Three avoidable deaths on list
A grieving Dannevirke family is reliving the trauma of the death of a four-year-old girl with the annual release of a list of hospital mistakes.
Stevie McCutcheon had a rare and incurable illness called Batten disease that robbed her of the ability to walk, talk, eat and drink, and she depended on a feeding tube inserted directly into her stomach for nutrition.
She died at Palmerston North Hospital last year after her feeding tube became dislodged and was put back incorrectly.
The mistake meant food was going into her abdominal cavity, not her stomach. She suffered poisoning or "overwhelming sepsis" and died in July.
Mid-Central Health will not comment on individual cases reported as part of the serious and sentinel events analysis, which was released by the Health Quality and Safety Commission yesterday without any identifying details.
But Stevie's mum Erin said she had been warned the case would be among the events reported.
Since her daughter's death she said there had been communications with hospital staff, and the issues had been resolved "as well as they could be".
She was not taking the complaints she brought to the Manawatu Standard last year any further, and did not want to talk publicly anymore.
The death was reviewed by Mid-Central Health, which found insufficient knowledge and inadequate guidelines for the acute management of a dislodged feeding tube, along with failure to recognise a potentially serious condition, had been "causal factors".
It recommended a process be set up for the management of children being fed through an abdominal tube. It also recommended education for staff and improving ways to help assess the pain and distress of children who had trouble communicating.
The tragedy was one of three potentially avoidable deaths reported in Mid-Central District Health Board's summary of 15 serious and sentinel events in the year to the end of June.
Another patient died three days after a fall that caused a brain bleed.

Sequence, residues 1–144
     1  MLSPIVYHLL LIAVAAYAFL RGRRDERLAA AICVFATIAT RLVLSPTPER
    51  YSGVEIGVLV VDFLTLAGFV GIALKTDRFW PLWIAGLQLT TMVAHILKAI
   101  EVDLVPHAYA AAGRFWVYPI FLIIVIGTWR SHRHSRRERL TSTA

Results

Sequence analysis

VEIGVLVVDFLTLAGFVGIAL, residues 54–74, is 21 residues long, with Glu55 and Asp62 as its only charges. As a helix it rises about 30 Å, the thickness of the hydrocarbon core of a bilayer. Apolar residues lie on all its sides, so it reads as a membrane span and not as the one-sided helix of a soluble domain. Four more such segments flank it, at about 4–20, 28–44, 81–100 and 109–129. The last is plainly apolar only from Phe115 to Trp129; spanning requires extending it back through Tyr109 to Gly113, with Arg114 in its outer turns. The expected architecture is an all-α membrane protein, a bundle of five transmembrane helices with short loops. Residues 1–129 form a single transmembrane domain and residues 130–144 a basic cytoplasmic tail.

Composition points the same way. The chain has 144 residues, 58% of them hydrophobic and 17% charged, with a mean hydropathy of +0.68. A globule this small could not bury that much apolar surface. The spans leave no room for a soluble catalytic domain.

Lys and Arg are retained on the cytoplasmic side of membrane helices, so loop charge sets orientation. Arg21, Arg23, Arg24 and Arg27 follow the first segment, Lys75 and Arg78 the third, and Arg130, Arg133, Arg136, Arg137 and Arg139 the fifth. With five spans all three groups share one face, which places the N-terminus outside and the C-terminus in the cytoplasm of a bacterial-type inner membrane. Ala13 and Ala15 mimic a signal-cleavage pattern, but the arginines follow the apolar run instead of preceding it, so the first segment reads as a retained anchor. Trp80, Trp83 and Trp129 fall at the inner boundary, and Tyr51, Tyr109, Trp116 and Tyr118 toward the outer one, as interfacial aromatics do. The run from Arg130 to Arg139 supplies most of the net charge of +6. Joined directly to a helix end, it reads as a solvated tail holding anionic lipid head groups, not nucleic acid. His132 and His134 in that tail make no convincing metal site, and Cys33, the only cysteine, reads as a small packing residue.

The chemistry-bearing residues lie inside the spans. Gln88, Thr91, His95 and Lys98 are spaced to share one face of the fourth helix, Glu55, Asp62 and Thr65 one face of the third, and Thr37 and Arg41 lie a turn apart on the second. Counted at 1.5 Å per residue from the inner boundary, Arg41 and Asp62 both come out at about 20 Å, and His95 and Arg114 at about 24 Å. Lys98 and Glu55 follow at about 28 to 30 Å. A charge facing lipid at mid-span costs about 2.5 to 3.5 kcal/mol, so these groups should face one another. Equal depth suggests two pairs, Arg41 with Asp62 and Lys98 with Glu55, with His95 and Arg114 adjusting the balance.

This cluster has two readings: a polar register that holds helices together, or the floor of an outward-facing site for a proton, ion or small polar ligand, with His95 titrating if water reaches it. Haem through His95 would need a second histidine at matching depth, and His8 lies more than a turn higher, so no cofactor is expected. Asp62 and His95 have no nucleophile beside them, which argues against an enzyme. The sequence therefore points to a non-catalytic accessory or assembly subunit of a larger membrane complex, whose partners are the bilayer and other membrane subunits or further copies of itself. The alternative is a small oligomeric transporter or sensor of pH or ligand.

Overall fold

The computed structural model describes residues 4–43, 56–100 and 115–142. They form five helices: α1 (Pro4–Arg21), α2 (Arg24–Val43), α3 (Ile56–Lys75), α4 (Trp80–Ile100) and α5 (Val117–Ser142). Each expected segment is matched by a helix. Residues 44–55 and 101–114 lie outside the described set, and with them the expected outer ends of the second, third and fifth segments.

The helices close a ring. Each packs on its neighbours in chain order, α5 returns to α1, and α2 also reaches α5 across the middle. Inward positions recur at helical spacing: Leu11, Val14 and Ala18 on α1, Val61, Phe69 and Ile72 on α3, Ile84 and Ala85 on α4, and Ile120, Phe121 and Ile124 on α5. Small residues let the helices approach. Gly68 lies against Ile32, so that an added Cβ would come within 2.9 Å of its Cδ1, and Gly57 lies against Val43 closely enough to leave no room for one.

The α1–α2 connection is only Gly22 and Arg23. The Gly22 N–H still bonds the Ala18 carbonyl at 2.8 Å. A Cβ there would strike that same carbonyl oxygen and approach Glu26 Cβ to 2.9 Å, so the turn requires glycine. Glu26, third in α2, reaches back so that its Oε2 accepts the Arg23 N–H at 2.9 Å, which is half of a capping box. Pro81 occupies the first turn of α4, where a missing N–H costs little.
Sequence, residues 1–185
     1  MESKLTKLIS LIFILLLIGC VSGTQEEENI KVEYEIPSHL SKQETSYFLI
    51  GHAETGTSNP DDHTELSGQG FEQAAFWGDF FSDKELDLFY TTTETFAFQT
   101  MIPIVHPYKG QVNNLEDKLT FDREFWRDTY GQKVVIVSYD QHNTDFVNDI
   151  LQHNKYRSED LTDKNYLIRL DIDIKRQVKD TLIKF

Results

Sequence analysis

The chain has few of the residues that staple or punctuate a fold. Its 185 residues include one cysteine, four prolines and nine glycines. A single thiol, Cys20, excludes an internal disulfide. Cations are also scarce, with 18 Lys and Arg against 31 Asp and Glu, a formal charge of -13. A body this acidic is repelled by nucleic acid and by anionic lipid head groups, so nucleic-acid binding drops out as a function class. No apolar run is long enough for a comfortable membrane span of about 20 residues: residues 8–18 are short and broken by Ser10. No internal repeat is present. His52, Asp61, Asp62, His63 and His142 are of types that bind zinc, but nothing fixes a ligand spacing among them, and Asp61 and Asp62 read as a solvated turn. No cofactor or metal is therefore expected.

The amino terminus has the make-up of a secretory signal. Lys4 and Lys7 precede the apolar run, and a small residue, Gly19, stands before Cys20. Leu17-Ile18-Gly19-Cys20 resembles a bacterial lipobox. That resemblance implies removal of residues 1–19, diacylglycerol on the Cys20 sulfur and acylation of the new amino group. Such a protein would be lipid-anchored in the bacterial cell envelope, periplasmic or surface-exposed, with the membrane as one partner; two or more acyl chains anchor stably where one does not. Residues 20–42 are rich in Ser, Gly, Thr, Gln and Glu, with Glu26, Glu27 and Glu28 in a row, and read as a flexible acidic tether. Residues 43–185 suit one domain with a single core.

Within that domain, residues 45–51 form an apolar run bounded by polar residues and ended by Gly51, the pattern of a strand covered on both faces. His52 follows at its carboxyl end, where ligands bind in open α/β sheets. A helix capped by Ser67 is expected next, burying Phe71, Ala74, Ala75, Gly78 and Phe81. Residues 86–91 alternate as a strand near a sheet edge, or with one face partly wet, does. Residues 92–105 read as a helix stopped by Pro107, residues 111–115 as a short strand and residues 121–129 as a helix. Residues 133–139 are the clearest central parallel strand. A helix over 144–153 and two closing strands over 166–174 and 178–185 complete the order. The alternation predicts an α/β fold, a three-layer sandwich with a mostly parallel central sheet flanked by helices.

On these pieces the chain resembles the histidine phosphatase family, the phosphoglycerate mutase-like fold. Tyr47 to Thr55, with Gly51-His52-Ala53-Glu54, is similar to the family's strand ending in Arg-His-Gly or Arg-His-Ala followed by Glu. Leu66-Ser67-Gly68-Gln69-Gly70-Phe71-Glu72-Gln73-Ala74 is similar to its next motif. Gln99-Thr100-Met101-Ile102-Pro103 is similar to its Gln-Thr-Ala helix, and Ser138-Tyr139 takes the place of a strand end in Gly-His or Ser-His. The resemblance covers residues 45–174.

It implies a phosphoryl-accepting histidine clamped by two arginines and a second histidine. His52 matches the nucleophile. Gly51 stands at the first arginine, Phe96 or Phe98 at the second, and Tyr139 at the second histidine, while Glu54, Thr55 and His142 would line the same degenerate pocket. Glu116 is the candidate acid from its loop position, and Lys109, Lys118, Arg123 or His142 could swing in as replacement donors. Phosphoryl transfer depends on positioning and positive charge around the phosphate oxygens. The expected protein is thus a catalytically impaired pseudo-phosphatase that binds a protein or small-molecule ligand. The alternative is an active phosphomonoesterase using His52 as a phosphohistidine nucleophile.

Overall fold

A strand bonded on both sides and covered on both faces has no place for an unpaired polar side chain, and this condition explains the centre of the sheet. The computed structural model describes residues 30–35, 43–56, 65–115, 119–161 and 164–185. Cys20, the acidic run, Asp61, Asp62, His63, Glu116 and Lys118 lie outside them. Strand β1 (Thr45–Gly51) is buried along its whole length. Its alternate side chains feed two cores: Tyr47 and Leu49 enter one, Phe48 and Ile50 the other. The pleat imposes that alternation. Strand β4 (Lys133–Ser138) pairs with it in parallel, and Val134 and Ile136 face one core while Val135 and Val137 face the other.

The third death happened at home and was discovered when a nurse came to change the dressing on a surgical wound where an abscess had been treated.
In line with national trends, falls were the most common incident, accounting for nine of the 15 events, most often when patients got out of bed to go to the toilet.
One patient broke a wrist and another, a knee, in falls after refusing to use a walker. Another patient who was not assessed at risk of falling fell in the bathroom and broke a wrist.
Other falls happened when a visitor tried to help, and two restless patients climbed over bed rails.
The number of falls was down from 12 last year, but up on seven the year before.
Mid-Central Health has a Falls Action Group providing more education for staff, and encouraging increased use of falls alarms systems, and reviewing the use of bed rails for patients at risk of falls.
Other events included the misdiagnosis of a broken hip, a swab left inside a surgical patient, an ankle dislocation when a nurse shifted a plaster backslab on the lower leg, and delay in getting a pregnant woman from a rural area, two weeks overdue with a cord prolapse, to hospital.
There were no mistakes with medications.
Mid-Central reported 22 events last year, and 18 the year before.